Your Ticket to Travel: 10 Activities You Can Do With Stamps

Your Ticket to Travel
10 Activities You Can Do With Stamps

Susan Verner
by Susan Verner 7,944 views |

Not many teachers have the budget to take their students on a field trip around the world, but that does not mean you cannot leave your classroom far behind. Stamps have made travels around the world before they end up in your hands.

With these activities centered on stamps, your students will feel like they are exploring far off places although they will not even have to get up from their desks.

10 Classroom Activities You Can Do With Stamps

  1. 1

    Stamps are easy to get and inexpensive, so stop by your local hobby store and buy a large bag of used stamps for your class to examine. You can give your class as much time as you want to look through the stamps and make mental notes, then see if each student can find a few stamps from the same country. If possible, stamps from different time periods are ideal. Then have each student compare and contrast each of his stamps with the others in his set. Are there any consistencies? What are the differences? Have each person share with the class his observations.

  2. 2

    After each student has done some comparing and contrasting on his own, have groups of students compile stamps from one country. Each group should look at the symbols that are on the stamps in their collection. What can the group guess about the country of origin based on what they observe in the stamps? Can your students determine what is important to the people of the country? What historical events are portrayed? If possible, allow your groups to do some research to see if their predictions are right.

  3. 3

    Another activity that you can use stamps for is to look at the various symbols for money used around the world. Most stamps will have some kind of monetary value printed on them, so have your students make a list of all the symbols (such as $ or ¢) that are used to represent those monetary values. Once they have the symbols, have your students find the words that those symbols represent (such as dollar and cent). You should encourage students who are familiar with other monetary systems to share their knowledge with the class and add whatever information they can to the class data compilation.

  4. 4

    Stamps are an interesting way to get a glimpse around the world without actually leaving home. Start a stamp collection in your classroom on a large world map. As students discover stamps from a country, have them tape that stamp on or near its country on the map. Throughout the year, see how many countries’ stamps your class can collect. Encourage any students or teachers who receive letters from other nations to donate their stamps to the collection.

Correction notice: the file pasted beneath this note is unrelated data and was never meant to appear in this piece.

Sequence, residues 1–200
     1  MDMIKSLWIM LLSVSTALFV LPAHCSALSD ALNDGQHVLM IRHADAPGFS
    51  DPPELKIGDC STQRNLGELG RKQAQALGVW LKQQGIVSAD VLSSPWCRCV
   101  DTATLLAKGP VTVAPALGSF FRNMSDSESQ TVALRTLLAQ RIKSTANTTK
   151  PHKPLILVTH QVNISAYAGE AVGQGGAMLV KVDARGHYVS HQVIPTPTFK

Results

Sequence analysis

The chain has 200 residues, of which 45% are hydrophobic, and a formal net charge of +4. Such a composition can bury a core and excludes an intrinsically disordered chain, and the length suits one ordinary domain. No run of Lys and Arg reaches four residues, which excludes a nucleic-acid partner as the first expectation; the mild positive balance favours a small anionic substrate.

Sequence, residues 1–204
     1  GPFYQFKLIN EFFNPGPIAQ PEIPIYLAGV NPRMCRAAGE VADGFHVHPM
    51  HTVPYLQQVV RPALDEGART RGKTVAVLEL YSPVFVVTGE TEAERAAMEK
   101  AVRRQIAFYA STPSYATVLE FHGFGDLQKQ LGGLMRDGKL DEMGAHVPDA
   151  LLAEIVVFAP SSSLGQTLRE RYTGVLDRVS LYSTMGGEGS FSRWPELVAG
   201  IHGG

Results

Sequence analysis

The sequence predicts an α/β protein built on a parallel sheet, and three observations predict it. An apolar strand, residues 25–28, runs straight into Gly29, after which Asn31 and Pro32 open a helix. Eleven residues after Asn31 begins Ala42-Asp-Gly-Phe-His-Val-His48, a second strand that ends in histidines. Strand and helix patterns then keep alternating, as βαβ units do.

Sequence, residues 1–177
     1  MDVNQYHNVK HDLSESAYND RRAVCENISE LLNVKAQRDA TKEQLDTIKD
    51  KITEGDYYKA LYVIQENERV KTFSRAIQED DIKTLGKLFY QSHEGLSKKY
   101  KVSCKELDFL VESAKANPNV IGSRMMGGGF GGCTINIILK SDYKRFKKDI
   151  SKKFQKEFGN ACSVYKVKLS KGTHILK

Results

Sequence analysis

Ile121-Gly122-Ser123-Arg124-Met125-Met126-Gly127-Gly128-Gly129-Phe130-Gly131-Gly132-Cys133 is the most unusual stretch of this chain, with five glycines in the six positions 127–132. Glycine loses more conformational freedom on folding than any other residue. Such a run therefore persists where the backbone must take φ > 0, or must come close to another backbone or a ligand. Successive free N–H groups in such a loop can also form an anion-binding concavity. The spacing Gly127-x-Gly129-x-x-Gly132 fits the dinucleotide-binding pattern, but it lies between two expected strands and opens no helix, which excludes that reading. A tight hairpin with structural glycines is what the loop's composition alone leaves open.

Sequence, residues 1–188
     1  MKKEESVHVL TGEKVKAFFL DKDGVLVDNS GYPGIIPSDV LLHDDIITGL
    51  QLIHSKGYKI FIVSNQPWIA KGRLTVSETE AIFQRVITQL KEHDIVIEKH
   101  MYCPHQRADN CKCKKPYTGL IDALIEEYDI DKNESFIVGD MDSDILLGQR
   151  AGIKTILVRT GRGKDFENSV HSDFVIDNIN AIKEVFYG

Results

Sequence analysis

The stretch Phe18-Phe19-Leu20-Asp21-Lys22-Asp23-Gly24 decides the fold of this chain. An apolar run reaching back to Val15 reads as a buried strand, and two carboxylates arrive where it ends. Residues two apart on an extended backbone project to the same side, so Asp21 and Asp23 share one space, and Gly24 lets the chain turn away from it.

5. 5

    Do you want to make the world stamp collection more competitive? Challenge your students to a race around the world using stamps. Set up a bulletin board with each of your students’ names in a list. Then give each student a stamp from your current country. The challenge is to see who can get farthest in a race around the world using stamps. If a student locates a stamp from a country neighboring yours, put that stamp in line after the one from your current country. That student should now aim to find a stamp from a country adjacent to the second one. After he locates and posts that one, he should look for a stamp from the next country in the geographic line. In this manner, see how far around the world each of your students can get over the course of the year. If anyone is able to make it all the way around the world and “arrives” back at the starting country, hold a class celebration in honor of that person.

  6. 6

    After your students have had some experience looking at real stamps, bring in a creative element by letting them design their own stamps. Using stamps from around the world as inspiration, have each student design a stamp of his or her own. She should think about what colors and symbols she wants to use in her design, and then, if possible, allow her to design the stamp digitally. If not, crayons and paper are always an option. Then scan the stamps and print them out to use in a class post office or just display on a bulletin board for your class to peruse at leisure.

  7. 7

    You can find texts on stamps at different language levels at onestopenglish.com which you can use with your ESL students. There are reading selections as well as comprehension questions and additional activities ready to use in your ESL classroom.

  8. 8

    Did you know that stamps often have hidden messages printed within the picture? This lesson plan on the micro printing in stamps may surprise you. If you and your class want to dig a little deeper into what stamps really say, take a look at this information lesson plan on micro printing.

  9. 9

    Stamps are not the only thing a person can collect. In fact, most students will collect something: music or travel destination pennies, for example. Ask your students to write a short paragraph or two about their collection. They can include information about why they collect these items and which item in their collection is their favorite.

  10. q

    After writing about their collection, do a little show and tell with each of your students. Ask each person to bring in one item from his or her collection and show it to the class. Each student should give information on what the object is, how he or she got it and what he or she likes about it. Then allow your class to ask questions about the object or about the collection in general.

There is a world around your ESL class waiting to be discovered through stamps.

Try taking a closer look at what stamps have to offer. They are for so much more than just mailing letters!

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